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The Brazil Carnival: How to Celebrate Carnaval De Brasil

Carnival is probably the most famous Brazilian holiday in the world. It’s also the largest “collective party” in the country.

Many people associate Carnaval with samba or Rio, but in this lesson, you will discover that Carnival is much more than that. We’ll tell you how Carnival is celebrated in other parts of Brazil and what we Brazilians normally do at this time.

As you learn more about Carnaval in Brazil (sometimes called El Carnaval Brazil), you’ll gain a deeper understanding of Brazilian and Portuguese culture. Thanks for letting PortuguesePod101.com be your guide! Let’s get started.

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1. What is What is Carnaval in Brazil?

The Carnival festival in Brazil is a time of dancing and general fun before the upcoming Lent season. This holiday is widely celebrated around the world, but the Brazil Carnival experience puts a fascinating twist on celebrations you’ll find elsewhere.

From Portuguese Carnival masks to the unique music and dances, the Brazil Carneval is not something to be missed or easily forgotten.

2. When is Carnival in Brazil?

People Playing Drums

The date of the Carnival Season in Portugal varies each year, as it depends on the date of Easter. For your convenience, here’s a list of this holiday’s date for the next ten years:

  • 2019: March 4
  • 2020: February 24
  • 2021: February 15
  • 2022: January 31
  • 2023: February 20
  • 2024: February 12
  • 2025: March 3
  • 2026: February 16
  • 2027: February 8
  • 2028: February 28

Carnival is normally in mid-February. Even though some schools start their semester before Carnival, for the majority of students, the end of Carnival marks the true end of the summer holiday.

3. Reading Practice: How is Carnival Celebrated?

People Dancing Samba

Read the Portuguese text below to find out how the Carnival is celebrated in Brazil. You can find the English translation directly below it.

—–
Assim como muitas tradições brasileiras, o Carnaval chegou ao Brasil por meio dos portugueses, primeiro com o nome de entrudo, costume de brincar no período de carnaval, e depois bailes carnavalescos e carnavais de rua. No começo do século vinte as escolas de samba começaram a evoluir, e nas últimas décadas, algumas capitais construíram seus sambódromos, especialmente para o Carnaval.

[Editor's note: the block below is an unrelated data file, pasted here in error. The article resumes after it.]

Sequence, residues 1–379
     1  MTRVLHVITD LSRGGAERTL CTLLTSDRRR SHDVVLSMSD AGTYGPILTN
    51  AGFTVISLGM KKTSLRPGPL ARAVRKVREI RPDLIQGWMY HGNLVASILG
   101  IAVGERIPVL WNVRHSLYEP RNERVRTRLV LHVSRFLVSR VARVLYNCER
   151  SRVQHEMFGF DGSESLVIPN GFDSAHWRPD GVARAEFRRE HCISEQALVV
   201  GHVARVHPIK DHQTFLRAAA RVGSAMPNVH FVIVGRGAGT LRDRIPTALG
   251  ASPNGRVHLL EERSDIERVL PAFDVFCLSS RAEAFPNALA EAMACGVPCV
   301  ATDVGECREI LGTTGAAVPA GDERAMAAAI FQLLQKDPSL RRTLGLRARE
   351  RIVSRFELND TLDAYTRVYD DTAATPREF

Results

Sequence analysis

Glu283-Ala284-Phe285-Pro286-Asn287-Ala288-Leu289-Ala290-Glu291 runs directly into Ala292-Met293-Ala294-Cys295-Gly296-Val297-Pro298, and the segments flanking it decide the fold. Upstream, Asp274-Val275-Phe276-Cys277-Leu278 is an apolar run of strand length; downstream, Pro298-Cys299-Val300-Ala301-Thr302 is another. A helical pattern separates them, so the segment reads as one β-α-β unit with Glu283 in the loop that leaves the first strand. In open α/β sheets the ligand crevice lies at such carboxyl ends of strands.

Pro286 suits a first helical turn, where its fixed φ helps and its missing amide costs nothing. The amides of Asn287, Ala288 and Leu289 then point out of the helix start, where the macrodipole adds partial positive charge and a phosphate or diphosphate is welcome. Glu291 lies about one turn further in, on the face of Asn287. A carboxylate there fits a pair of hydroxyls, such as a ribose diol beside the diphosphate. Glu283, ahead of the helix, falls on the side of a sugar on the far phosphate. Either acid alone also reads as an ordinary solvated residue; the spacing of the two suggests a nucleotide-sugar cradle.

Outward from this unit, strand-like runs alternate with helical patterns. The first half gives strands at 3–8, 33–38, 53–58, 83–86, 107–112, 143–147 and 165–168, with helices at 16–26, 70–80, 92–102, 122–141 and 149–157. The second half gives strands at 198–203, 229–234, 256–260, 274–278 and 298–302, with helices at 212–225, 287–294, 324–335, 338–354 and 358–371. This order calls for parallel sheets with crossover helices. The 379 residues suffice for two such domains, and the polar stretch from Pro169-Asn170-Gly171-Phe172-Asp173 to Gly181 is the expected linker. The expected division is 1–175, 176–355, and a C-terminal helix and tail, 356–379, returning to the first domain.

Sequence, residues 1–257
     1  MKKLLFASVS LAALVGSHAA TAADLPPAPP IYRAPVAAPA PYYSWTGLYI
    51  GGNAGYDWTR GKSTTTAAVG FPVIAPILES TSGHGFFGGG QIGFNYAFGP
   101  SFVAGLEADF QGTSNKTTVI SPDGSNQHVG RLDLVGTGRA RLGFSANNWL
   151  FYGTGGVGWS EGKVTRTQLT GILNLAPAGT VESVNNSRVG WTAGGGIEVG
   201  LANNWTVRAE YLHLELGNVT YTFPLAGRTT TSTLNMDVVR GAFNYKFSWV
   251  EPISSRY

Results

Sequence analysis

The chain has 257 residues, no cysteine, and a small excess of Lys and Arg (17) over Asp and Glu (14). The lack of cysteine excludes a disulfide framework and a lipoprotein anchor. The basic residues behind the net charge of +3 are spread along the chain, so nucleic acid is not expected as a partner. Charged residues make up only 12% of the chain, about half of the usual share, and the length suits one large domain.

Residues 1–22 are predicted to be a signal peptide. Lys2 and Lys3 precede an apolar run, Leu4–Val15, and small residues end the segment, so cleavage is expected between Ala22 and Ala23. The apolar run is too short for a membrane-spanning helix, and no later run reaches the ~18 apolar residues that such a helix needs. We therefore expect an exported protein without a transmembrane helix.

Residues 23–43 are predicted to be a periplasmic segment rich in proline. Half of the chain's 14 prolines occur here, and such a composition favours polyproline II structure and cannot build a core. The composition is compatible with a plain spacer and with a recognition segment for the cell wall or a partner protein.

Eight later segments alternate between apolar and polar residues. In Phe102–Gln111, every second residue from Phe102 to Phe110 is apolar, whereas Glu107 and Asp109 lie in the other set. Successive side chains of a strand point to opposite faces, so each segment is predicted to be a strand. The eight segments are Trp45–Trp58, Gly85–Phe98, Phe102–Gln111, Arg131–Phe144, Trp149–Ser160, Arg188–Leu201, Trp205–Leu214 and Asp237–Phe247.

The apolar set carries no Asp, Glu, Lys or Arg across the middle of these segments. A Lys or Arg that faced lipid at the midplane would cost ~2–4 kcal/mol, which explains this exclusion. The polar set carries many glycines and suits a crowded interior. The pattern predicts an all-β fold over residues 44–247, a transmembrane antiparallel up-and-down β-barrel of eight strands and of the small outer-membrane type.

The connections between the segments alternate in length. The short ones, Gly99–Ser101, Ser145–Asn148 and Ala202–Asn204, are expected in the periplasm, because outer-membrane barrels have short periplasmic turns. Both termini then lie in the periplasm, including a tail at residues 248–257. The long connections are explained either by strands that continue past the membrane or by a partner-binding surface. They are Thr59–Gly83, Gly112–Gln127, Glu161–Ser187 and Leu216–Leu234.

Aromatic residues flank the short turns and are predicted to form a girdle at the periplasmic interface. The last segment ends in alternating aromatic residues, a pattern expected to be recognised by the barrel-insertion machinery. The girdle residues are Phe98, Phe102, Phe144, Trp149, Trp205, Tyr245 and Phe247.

Embora o Carnaval do Rio seja o mais conhecido mundialmente, o Carnaval de São Paulo, Salvador, Ouro Preto, Recife e Olinda, Fortaleza, Manaus e Florianópolis são muito renomados no país. No Rio e São Paulo, a principal atração é o desfile das escolas de samba da cidade. Em Salvador, milhares de foliões seguem os trios elétricos ao som de muito axé. Em Recife e Olinda, o ritmo é o frevo e maracatu. Cada cidade tem sua singularidade. Mas a ordem do dia é a mesma: se divertir e dançar muito!

—–

Like many other Brazilian traditions, Carnival came to Brazil through the Portuguese, first by the name of entrudo, which is the custom of playing during the period of Carnival, and afterwards Carnival-type dances and street carnivals. At the beginning of the twentieth century, the samba schools began to evolve, and in recent decades, some capital cities have built sambadromes, just for Carnival.

Even though Carnival in Rio is the most well known in the world, those in São Paulo, Salvador, Ouro Preto, Recife and Olinda, Fortaleza, Manaus, and Florianópolis are very well-known throughout the country. In Rio and São Paulo, the main attraction is the city’s samba schools parade. In Salvador, thousands of event participants follow large trucks playing axé music. In Recife and Olinda, the rhythm is frevo and maracatu. Each city has its own take on Carnival. But the order of the day is the same—have fun and dance a lot!

4. Additional Information

If you want to go to the large Brazilian Carnivals, often it is necessary to reserve your place as much as a year in advance.

But beyond those, each city also commemorates Carnival in its own way. In most cities, people walk through the streets, and some wear costumes (trust us, you won’t soon forget seeing a Brazilian Carnaval outfit!), to watch the samba schools parade, and also to dance, have fun, throw party foam on your friends and lose yourself in the revelry! Since Carnival is normally a prolonged holiday, many use that time to travel, generally to the coast.

5. Must-know Vocab

People Learning Samba

Here’s some vocabulary you should know for Carnival in Portugal!

  • Carnaval — “Carnival”
  • Axé — “Axé music”
  • Samba — “Samba”
  • Maracatu — “Maracatu”
  • Escola de samba — “Samba school”
  • Frevo — “Frevo”
  • Fantasia — “Costume”
  • Abadá — “Abadá”
  • Sambódromo — “Sambadrome”
  • Marchinha de carnaval — “Carnival little march”
  • Bloco carnavalesco — “Carnival block”
  • Rainha da bateria — “Queen of the drums at a Carnival parade”
  • Passista — “Person who dances samba at Carnival parades”
  • Pular carnaval — “Celebrate carnival”
  • Máscara — “Mask”
  • Desfile — “Parade”

If you want to hear each vocabulary word pronounced, check out our Portuguese Carnival vocabulary list. Here you’ll find each word accompanied by an audio of its pronunciation.

Conclusion

We hope you enjoyed learning about the Brazil Carnaval! Do you celebrate Carnival in your own country, or a similar holiday? Let us know in the comments!

To learn more about Brazilian culture and the Portuguese language, visit us at PortuguesePod101.com! We offer an array of insightful blog posts, free vocabulary lists, and an online community to discuss lessons with fellow Portuguese learners!

Keep up the hard work and continue delving into all things Portuguese. You’ll reap the benefits and talk like a native in no time!

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